As stated by the author, a full description of the WHO classification of the neoplastic diseases of the lymphoid and haemopoietic tissues is beyond this book’s scope. However the author does an excellent job of reducing this system of classification down to its essential elements and presenting it in a very logical and ordered way making it readily comprehensible to the reader. The book indicates when the WHO classification is pathognomonic of the French-American-British (FAB) classification. All relevant cytogenetics and immunophenotypes commonly used to form a diagnosis are shown.

The photomicrographs are of a very high standard. They are all representative of what you would expect to see under the microscope with a particular disease or disorder and the quality of printing on good paper helps make the subtle nuclear and cytoplasmic detail clearly visible.

The entire book features clear, concise text that is written in easy to read plain English and presents relevant information with very few wasted words. The illustrations in this book have been carefully selected to be relevant to the text and the index is cross-referenced to help you quickly find what you are seeking.

It is difficult to find fault with this book. Perhaps in future editions references could be included, as this is not only used as a practical guide in the laboratory but is also used as a teaching text in tertiary institutions.

This book is a worthwhile purchase for any person who has an interest in morphology or would like a quick reference to things haematological.

Reviewed by:

Olivia Yacoub

Microscopic Haematology:

A practical guide for the laboratory 2nd Edition, Gillian Rozenberg

Haematology Morphology Workshop
Conducted by Gillian Rozenberg 13-14 October 2007, Sydney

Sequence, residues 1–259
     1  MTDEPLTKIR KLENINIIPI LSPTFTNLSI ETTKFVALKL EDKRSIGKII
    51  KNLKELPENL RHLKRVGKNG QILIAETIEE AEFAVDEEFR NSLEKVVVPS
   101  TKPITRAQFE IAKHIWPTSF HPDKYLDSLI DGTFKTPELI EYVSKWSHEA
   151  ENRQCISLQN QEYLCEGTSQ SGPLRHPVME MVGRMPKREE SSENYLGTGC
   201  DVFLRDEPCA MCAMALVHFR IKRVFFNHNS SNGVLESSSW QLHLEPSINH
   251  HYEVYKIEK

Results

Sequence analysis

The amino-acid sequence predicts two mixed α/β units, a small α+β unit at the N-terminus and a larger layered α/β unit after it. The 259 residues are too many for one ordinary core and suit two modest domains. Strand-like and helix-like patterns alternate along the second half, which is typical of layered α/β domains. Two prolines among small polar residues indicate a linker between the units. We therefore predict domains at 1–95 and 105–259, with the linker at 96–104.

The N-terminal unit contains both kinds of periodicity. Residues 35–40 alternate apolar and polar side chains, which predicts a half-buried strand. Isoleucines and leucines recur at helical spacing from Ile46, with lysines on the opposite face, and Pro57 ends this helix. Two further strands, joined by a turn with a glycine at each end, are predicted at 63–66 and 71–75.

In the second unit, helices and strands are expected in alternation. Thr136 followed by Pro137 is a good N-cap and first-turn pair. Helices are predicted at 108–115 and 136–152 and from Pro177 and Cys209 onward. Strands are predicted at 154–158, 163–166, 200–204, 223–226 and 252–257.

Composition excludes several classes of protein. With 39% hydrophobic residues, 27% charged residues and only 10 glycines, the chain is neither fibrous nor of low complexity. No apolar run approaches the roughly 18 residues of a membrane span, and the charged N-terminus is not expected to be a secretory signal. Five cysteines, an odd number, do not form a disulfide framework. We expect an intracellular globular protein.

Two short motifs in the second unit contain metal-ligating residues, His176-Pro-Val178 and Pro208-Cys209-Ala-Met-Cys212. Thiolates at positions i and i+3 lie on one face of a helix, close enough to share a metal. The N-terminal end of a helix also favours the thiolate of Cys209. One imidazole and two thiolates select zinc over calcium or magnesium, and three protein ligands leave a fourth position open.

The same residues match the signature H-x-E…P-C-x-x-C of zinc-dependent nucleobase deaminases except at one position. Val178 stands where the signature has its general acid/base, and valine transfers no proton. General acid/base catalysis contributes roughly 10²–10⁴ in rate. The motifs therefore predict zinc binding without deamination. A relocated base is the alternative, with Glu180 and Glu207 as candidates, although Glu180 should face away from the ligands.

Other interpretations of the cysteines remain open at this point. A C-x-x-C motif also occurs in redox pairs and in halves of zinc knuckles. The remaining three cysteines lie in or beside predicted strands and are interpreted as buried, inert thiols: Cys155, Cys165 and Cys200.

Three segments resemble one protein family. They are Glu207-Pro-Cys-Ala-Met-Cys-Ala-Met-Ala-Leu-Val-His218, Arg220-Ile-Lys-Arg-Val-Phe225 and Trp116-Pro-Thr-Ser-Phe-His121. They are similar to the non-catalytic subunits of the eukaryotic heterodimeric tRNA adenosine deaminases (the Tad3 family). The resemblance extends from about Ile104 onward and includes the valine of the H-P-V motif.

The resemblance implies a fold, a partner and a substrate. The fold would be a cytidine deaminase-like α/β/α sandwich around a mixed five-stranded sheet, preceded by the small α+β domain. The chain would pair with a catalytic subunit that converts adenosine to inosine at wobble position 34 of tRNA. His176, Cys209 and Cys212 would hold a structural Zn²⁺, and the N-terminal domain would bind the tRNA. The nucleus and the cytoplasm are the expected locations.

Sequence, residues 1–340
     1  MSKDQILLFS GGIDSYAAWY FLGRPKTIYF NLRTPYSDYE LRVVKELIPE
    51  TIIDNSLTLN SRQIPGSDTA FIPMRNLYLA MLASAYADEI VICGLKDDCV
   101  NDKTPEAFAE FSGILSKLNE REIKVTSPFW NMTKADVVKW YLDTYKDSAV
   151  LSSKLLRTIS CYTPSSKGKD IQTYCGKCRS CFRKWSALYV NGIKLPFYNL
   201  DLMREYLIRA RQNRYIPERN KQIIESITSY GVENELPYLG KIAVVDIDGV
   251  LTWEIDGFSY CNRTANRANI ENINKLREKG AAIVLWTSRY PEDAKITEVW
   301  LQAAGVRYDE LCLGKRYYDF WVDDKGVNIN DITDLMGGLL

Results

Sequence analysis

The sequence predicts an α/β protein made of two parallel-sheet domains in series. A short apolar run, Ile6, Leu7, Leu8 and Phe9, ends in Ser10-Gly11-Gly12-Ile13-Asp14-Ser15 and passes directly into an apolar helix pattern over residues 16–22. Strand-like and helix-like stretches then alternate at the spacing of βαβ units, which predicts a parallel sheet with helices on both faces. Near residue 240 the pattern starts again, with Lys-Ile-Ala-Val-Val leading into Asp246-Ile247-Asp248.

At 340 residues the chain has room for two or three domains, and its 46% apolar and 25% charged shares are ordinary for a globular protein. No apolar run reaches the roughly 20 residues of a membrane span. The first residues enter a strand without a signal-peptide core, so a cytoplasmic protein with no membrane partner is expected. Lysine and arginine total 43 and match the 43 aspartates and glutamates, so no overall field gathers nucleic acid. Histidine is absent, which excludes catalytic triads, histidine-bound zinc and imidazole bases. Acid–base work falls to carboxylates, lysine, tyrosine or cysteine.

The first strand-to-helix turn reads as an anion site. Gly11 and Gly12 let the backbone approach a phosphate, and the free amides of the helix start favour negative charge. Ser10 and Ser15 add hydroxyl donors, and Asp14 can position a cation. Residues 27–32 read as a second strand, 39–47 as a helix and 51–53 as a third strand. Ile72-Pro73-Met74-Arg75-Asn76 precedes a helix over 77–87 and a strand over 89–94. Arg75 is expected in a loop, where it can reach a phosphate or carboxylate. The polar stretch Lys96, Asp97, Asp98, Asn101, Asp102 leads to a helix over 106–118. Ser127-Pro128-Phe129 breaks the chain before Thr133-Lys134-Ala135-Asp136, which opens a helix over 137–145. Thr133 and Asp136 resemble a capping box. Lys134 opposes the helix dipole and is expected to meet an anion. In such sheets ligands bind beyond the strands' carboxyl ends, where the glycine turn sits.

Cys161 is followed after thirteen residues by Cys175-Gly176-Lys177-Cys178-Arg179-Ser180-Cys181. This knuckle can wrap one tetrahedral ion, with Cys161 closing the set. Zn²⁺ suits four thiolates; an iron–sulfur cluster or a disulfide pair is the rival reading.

“This goes with that” was the catch cry of the workshop! A fantastic slogan for morphologists to be astute in linking blood cell changes together to form an informative report. A lonely, single cell change listed on it’s own at the bottom of a blood report, out of diagnostic context, is as useless to the clinician as a huge list of insignificant findings. Easier said than done? Not after this workshop!

The well known expert morphology author presented an enthusiastic, comprehensive workshop to a class of 37. Numbers are kept to a minimum to maximise interaction, so no query goes unanswered. Everything presented was logic based with explanations as to how and why particular cells appear in the peripheral blood, complemented by an excellent collection of pictures. The major ‘must know’ topics are covered including red cell nomenclature, WHO classifications, lymphocyte morphology and paediatric haematology. The workshop is so well organized and delivered that these exhaustive topics are well understood in two days.

Gillian Rozenberg is one of the most energetic, passionate presenters I have seen and I was fully captivated by all topics covered. I walked away from the workshop armed with an excellent refresher, particularly of the WHO classifications (which I recommend everyone brush up on who hasn’t already!) and excellent notes to refer back to in the future. If you are ever unsure of anything, you won’t walk away from this workshop with your questions unanswered! I highly recommend the course to anyone in the field of morphology, beginners and experienced morphologists alike. Keep an eye out for next years promotion via AIMS communications, to be held at Westmead Hospital, Sydney. Positions fill quickly so be sure to enroll promptly when the dates are announced. It’s a very enjoyable accrual of 20 APACE points!